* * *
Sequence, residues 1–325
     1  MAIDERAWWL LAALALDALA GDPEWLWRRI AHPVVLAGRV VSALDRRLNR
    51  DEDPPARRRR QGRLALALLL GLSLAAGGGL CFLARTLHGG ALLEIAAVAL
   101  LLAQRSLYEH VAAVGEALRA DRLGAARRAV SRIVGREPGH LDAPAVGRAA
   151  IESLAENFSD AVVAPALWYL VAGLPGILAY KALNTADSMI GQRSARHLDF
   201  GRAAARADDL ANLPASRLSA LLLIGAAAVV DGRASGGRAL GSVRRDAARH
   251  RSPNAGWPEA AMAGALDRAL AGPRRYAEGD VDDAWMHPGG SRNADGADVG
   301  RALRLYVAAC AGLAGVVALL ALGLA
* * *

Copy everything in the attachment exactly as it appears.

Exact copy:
Sequence, residues 1–325
     1  MAIDERAWWL LAALALDALA GDPEWLWRRI AHPVVLAGRV VSALDRRLNR
    51  DEDPPARRRR QGRLALALLL GLSLAAGGGL CFLARTLHGG ALLEIAAVAL
   101  LLAQRSLYEH VAAVGEALRA DRLGAARRAV SRIVGREPGH LDAPAVGRAA
   151  IESLAENFSD AVVAPALWYL VAGLPGILAY KALNTADSMI GQRSARHLDF
   201  GRAAARADDL ANLPASRLSA LLLIGAAAVV DGRASGGRAL GSVRRDAARH
   251  RSPNAGWPEA AMAGALDRAL AGPRRYAEGD VDDAWMHPGG SRNADGADVG
   301  RALRLYVAAC AGLAGVVALL ALGLA